Bringing together philosophy, Chinese cultural studies, and critical theory this panel explores how choices morph and change as timeframes expand and contract and asks: how do choices look different in retrospect, and how do we understand cause and effect in such a complex world?
"Fifty Years Without Change": Reimagining Futurity Through a Focus on the Extended Present
Choice and Health - Healing, Well-being, and Literature.
Synchronous discussion and Q&A moderated by Keren He, Andrew W. Mellon Postdoctoral Fellow in the Humanities, Wolf Humanities Center.
Carlos Rojas is Professor of Chinese Cultural Studies, Gender, Sexuality, & Feminist Studies (GSF), and Cinematic Arts at Duke University. His research focuses on issues of gender and visuality, corporeality and infection, and nationalism and diaspora studies. He is the author, editor, and translator of numerous studies, including Homesickness: Culture, Contagion, and National Transformation in Modern China. He is currently working on a project on Queering the Hong Kong Handover.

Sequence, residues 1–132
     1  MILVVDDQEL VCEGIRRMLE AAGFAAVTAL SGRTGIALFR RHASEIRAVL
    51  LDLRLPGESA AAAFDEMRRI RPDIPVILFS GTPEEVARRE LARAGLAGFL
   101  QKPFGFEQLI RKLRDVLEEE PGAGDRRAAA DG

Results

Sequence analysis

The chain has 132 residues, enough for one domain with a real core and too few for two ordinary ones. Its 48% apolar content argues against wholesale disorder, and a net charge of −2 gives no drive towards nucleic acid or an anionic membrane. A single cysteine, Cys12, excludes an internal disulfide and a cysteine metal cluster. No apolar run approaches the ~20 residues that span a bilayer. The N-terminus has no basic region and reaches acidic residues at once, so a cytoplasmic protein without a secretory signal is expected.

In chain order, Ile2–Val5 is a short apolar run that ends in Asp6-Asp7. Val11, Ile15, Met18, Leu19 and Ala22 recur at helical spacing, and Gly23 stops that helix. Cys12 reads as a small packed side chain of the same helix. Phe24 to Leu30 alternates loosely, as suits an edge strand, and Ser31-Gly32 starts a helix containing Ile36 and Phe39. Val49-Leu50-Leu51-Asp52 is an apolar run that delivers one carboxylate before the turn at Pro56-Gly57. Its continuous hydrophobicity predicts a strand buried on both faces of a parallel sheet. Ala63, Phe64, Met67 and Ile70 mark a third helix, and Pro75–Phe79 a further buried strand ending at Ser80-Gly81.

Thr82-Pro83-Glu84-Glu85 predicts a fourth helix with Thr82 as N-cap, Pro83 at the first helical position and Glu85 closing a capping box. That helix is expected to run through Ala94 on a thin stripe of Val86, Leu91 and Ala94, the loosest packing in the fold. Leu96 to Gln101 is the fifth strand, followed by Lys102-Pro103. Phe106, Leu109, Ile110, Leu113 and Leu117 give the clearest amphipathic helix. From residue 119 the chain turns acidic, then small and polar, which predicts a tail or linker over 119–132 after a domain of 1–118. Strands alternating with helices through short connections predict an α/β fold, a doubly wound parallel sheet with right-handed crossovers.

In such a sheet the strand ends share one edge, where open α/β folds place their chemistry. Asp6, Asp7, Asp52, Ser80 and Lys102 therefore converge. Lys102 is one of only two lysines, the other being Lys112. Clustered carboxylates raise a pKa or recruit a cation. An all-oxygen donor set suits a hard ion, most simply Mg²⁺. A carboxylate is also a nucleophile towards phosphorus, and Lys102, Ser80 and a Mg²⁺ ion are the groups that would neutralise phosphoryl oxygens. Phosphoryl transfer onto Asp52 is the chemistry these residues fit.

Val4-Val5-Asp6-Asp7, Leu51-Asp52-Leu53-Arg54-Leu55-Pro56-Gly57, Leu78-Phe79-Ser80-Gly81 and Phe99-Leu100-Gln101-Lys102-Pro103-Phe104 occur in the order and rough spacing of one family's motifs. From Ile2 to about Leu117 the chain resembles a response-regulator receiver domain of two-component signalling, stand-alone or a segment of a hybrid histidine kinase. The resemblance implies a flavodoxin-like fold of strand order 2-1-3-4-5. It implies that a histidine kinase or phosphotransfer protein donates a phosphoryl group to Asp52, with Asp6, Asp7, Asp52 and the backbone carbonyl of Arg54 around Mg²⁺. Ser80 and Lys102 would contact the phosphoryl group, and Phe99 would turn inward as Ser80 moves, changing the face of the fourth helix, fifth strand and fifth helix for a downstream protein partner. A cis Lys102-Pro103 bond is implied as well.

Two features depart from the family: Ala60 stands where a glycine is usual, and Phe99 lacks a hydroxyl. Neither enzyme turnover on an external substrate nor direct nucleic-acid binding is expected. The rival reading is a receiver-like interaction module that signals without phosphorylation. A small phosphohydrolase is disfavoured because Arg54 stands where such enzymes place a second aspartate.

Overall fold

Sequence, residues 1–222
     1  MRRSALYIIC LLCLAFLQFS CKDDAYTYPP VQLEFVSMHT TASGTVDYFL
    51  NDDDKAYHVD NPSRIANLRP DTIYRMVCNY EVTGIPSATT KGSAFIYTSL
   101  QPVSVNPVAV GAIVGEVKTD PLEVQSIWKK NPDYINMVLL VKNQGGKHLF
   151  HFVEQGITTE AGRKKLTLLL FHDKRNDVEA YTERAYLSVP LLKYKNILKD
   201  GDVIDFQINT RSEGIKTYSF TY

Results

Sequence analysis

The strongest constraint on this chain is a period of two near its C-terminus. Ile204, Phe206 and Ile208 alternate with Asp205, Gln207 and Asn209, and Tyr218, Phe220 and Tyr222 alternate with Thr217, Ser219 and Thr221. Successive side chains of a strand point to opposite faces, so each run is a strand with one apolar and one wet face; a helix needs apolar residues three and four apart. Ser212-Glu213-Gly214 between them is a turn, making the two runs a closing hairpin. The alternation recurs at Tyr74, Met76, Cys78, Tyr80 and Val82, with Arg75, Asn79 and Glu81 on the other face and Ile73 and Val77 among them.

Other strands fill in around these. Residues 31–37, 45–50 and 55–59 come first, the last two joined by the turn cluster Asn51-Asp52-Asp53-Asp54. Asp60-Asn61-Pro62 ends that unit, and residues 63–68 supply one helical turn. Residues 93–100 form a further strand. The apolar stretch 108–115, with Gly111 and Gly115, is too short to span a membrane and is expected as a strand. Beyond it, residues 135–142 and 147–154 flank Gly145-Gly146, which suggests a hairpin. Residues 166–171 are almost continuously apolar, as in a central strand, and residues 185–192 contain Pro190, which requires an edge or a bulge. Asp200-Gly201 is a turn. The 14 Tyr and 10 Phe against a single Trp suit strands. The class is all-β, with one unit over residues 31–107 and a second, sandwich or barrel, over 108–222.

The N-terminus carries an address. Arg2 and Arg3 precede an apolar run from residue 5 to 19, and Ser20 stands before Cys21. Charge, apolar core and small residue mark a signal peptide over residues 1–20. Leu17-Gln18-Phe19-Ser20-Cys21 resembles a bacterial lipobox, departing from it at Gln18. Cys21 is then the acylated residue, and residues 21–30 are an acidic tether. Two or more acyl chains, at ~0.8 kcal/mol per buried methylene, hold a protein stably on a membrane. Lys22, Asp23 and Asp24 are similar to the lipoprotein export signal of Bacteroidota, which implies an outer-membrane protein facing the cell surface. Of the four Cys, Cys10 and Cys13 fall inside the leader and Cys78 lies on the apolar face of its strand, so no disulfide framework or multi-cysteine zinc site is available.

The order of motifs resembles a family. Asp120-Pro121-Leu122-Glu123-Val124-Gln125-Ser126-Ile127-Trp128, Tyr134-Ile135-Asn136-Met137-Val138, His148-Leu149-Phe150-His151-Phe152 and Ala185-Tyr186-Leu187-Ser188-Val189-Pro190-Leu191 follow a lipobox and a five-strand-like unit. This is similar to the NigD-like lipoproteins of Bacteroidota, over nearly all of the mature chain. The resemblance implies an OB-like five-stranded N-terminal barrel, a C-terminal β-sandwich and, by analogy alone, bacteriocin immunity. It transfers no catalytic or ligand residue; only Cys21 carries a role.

Karen Thornber is Harry Tuchman Levin Professor in Literature and Professor of East Asian Languages and Civilizations at Harvard University. She is author of three major scholarly monographs. Most recent is Global Healing: Literature, Advocacy, Care (Brill 2020), which draws on literatures from 20 languages and close to 50 nations, across six continents. Thornber’s two previous major scholarly monographs both won multiple international awards: Ecoambiguity: Environmental Crises and East Asian Literatures (Michigan 2012) and Empire of Texts in Motion: Chinese, Japanese, Korean, and Taiwanese Transculturations of Japanese Literature (Harvard 2009). Thornber’s fourth single-authored monograph, Gender Justice and Asian Literatures, is under preliminary contract. In addition, Thornber has published more than 70 academic articles and chapters on a range of fields (e.g., medical humanities, health humanities, environmental humanities, diaspora, imperialism, transculturation, translation, gender, inequality, and injustice), is (co)editor of several volumes including one on Global Indigeneities and Environment, and an award-winning translator of Japanese literature. Thornber has held many leadership positions at Harvard, including Victor and William Fung Director of the Asia Center, Acting Director of the Reischauer Institute, Chair of Comparative Literature, and Chair of Regional Studies East Asia.